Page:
Ralph Nader finagled airtime on Meet the Press to announce he is mounting another presidential run, which certainly will garner even less attention than last time. He also contributed this analysis of Barack Obama:
But his better instincts and his knowledge have been censored by himself. And I give you the example, the Palestinian-Israeli issue, which is a real off the table issue for the candidates. So don’t touch that, even though it’s central to our security and to, to the situation in the Middle East. He was pro-Palestinian when he was in Illinois before he ran for the state Senate, during he ran–during the state Senate. Now he’s, he’s supporting the Israeli destruction of the tiny section called Gaza with a million and a half people. He doesn’t have any sympathy for a civilian death ratio of about 300-to-1; 300 Palestinians to one Israeli. He’s not taking a leadership position in supporting the Israeli peace movement, which represents former Cabinet ministers, people in the Knesset, former generals, former security officials, in addition to mayors and leading intellectuals. One would think he would at least say, “Let’s have a hearing for the Israeli peace movement in the Congress,” so we don’t just have a monotone support of the Israeli government’s attitude toward the Palestinians and their illegal occupation of Palestine.
“People should be very skeptical of Barack Obama’s shaky Middle East policies. When a long-time political activist like Ralph Nader, with a well-documented, anti-Israel bias, claims that Senator Obama shares this anti-Israel bias, that is alarming,” said RJC Executive Director Matt Brooks. “If Senator Obama supports Ralph Nader’s policies, which consistently condemn Israel’s right to defend itself against terrorism, and if Sen. Obama has only reversed his positions to run for president, it once again raises serious questions about his grasp of the geo-political realities of the Middle East and puts into doubt his commitment to the safety and security of Israel. These are important questions we in the Jewish community will be asking.”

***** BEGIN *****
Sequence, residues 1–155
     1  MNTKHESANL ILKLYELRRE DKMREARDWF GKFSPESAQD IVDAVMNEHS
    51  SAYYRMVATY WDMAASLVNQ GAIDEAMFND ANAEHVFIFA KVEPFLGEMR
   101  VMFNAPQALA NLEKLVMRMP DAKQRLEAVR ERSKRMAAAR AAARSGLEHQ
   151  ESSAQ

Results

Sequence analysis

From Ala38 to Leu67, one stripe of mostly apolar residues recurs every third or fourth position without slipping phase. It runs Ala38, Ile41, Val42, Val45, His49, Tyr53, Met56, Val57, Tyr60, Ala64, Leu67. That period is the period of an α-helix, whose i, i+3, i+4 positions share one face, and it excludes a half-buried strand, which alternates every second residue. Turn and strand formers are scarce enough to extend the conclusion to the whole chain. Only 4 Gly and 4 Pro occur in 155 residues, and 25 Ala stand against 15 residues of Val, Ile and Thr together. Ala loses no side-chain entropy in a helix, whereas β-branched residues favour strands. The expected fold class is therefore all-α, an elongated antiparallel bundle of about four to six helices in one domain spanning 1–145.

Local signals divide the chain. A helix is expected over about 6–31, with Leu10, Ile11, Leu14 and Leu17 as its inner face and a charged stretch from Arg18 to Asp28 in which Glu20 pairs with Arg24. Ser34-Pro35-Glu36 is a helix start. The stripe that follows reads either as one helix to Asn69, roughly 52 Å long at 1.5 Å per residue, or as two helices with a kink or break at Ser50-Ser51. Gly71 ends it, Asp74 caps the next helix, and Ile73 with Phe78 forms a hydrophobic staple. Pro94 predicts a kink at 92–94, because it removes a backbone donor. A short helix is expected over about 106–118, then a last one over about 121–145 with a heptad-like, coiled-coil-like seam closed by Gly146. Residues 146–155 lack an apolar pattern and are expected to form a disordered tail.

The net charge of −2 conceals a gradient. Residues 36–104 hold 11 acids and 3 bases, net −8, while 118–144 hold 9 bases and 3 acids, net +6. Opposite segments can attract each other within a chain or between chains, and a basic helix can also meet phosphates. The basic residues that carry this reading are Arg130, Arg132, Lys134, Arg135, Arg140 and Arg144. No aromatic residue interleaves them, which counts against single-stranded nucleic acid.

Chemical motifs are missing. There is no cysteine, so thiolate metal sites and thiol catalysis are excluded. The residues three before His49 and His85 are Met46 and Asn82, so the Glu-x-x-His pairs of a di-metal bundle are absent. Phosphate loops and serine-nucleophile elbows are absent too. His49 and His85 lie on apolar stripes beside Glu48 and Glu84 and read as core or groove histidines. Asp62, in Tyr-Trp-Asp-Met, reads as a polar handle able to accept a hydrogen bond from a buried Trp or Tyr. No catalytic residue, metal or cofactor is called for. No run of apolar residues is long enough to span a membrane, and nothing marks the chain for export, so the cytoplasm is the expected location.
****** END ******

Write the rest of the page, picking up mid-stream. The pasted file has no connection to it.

“Well here’s my starting orientation is A – Israel’s security is sacrosanct, is non negotiable. That’s point number one. Point number two is that the status quo I believe is unsustainable over time. So we’re going to have to make a shift from the current deadlock that we’re in. Number three that Israel has to remain a Jewish state and what I believe that means is that any negotiated peace between the Israelis and the Palestinians is going to have to involve the Palestinians relinquishing the right of return as it has been understood in the past. And that doesn’t mean that there may not be conversations about compensation issues. It also means the Israelis will have to figure out how do we work with a legitimate Palestinian government to create a Palestinian state that is sustainable. It’s going to have to be contiguous, its going to have to work its going to have to function in some way. That’s in Israel’s interest by the way. If you have a balkanized unsustainable state, it will break down and we will be back in the same boat. So those are the starting points of my orientation. My goal then would be to solicit as many practical opinions as possible in terms of how we’re going to move forward on a improvement of relations and a sustainable peace.”
“I do not share his views with respect to Israel. I have said so clearly and unequivocally,” Obama said. “He’s not one of my key advisers. I’ve had lunch with him once. I’ve exchanged e-mails with him maybe three times. He came to Iowa to introduce . . . for a speech on Iraq.”
No word as yet on whether he is having second thoughts about advice from Samantha Power or whether his “talking to our enemies” mantra includes Hamas and Hezbollah. This certainly will be a general election issue. It remains to be seen whether Hillary Clinton will raise this as an example of the risk of getting an “unknown quantity” with an Obama presidency (perhaps it would be a more effective argument for her than desperation moves like this).